Such talk is fun.

Such talk is clever.

Such talk can start wars.

 

funny wisdom on words that begin with a C



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Crop Rotation

Crop rotation: (n) the system of varying the planting of successive crops

Sometimes I’m a bit saddened when a good idea sprouts to the surface.

It’s similar to when early farmers planted crops and the bounty was so immense that they planted them over and over and over again—until all the nutrients were drained from the soil and the returns became less and less and less.

Finally, someone realized that if they planted different crops for a while, they could come back and plant the original crop again and get fruitfulness from all.

In our day, a good idea will come along—shall we say, a fresh crop—and because it worked so well or was received with joy, it’s planted over and over again, until eventually it is so common that the impact it once had is gone.

It’s a little procedure that runs like this:

  1. The arrival of the great idea.
  2. The mass production by the imitators.
  3. The deterioration of the idea as the cheapskates come along and debilitate it.
  4. The cynics who mock the copycats, making us believe there was never a good idea in the first place.

Rotate your crops.

If something great happens, don’t assume it’s going to happen again. Isn’t that why we call it great—because it doesn’t happen all the time?

In the process of rotating your crops, you won’t get tired of corn because soybeans will need to be sold.

Likewise, you won’t get tired of love because it’s so plentiful.

America is a great idea. It’s not worn out.

But it would benefit us to rotate fresh concepts into our lives—so the beautiful topsoil of freedom can have a chance to build itself back up with the nutrients that truly do enable us able to say, “Hat’s off. This is great.”

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Crop

Crop: (n) the produce from the ground.

As the piercing tones of the political pundits wrangle with one another over decibel level, it never occurs to anyone that the United States of America cannot be compared to any other place, because unlike these other locations, this nation has a heart, a soul, a mind and a body.

Without understanding this, you begin to believe that you can nurture the mind of America while ignoring the heart, soul and body—or foolishly believe that you can honor the soul and ignore the other parts of innovation.

During my nearly thirty-five years of travel across the country, stopping off in villages, towns or bustling cities, I immediately understood the crop that comes from the soil of this great nation.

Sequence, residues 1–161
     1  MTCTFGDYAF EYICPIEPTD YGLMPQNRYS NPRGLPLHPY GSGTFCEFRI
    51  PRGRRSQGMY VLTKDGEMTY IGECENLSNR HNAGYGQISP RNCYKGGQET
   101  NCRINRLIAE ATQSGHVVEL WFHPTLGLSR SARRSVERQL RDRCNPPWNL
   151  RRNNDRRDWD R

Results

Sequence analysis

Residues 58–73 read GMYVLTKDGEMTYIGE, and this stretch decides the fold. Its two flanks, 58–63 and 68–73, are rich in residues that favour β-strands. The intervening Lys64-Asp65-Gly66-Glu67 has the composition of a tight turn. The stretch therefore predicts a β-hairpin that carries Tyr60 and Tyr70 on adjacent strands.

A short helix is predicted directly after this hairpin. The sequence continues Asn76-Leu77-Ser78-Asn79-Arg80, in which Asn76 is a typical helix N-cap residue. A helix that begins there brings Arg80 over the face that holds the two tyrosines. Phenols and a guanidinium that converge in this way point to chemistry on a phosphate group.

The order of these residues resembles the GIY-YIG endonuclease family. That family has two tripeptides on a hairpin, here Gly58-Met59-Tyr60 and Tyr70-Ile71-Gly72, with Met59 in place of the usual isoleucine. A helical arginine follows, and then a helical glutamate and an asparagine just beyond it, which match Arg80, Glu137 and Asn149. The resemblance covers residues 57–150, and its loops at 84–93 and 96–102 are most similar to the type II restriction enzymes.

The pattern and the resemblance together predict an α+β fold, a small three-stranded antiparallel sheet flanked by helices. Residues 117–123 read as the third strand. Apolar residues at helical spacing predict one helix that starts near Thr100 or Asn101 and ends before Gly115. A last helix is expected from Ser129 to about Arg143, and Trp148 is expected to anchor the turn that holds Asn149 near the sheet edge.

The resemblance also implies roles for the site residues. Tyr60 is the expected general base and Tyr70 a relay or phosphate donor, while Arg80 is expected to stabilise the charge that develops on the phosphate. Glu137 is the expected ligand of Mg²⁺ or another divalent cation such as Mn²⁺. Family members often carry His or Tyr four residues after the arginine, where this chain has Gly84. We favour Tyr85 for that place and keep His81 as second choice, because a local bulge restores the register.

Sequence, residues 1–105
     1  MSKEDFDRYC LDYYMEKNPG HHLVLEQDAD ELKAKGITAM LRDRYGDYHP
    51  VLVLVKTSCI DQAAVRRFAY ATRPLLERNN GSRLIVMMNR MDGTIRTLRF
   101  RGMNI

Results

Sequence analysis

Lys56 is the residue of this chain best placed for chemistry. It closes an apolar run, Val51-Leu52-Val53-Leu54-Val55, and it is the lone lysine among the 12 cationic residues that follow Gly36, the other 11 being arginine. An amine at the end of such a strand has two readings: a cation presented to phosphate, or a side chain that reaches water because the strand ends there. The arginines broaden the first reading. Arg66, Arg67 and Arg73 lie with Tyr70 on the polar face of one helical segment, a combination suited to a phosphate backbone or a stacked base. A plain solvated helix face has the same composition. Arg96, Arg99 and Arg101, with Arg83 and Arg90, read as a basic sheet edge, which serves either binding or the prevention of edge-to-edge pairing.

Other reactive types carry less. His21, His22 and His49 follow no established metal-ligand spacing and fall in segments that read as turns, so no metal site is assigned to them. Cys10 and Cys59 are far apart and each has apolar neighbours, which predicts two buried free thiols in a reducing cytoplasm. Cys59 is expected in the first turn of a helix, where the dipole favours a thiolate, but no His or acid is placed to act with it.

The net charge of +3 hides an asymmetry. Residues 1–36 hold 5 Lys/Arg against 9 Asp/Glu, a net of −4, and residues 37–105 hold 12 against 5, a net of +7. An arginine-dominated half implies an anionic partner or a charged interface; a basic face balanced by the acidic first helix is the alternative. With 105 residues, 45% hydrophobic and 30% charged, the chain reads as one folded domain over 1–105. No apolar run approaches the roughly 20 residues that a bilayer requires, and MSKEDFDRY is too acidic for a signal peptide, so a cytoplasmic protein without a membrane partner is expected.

America has heart.

It has emotion. If you live on the coasts, you may think that the middle states are agrarian and backward. Matter of fact, there are people who would not even know what the word agrarian means because they consider it backward.

On the other hand, if you land somewhere deep in Nebraska, the antics of the West Coast may be discussed over the dinner table with a sneer and a frown, as those huddled around faithfully consume their biscuits and butter.

You cannot love this country, its people, its purpose, nor envision its destination without traveling to its heart, musing over its soul, mulling its mind and allowing the body to bring strength to the economics and the gross national product.

What is the crop of America?

  • Iowa believes it’s corn.
  • Silicon Valley in California would insist it’s technology.
  • The Ivy League schools on the East Coast would certainly extol the importance of higher education.
  • And those who dwell in the South will spend hours testifying of the importance of family, devotion and hospitality.

It is difficult for us to be at war with each other.

We need one another so intensely that we end up really fighting ourselves.

So when I drove my van into beautiful downtown Cedar Rapids, Iowa, with corn fields and soybeans surrounding my journey, I knew I was in for an evening of warmth, reflection and conservative reaction to new ideas. They were never averse to progress—just wanted to make sure that no sacred lanes were destroyed to make super-highways.

When I went down to Lebanon, Tennessee, I was fully aware I was in for an evening of a probable potluck dinner, some hand clapping and folks who were frightened that they might lose the spirit of their faith by accepting too much of what, for them, seemed abnormal.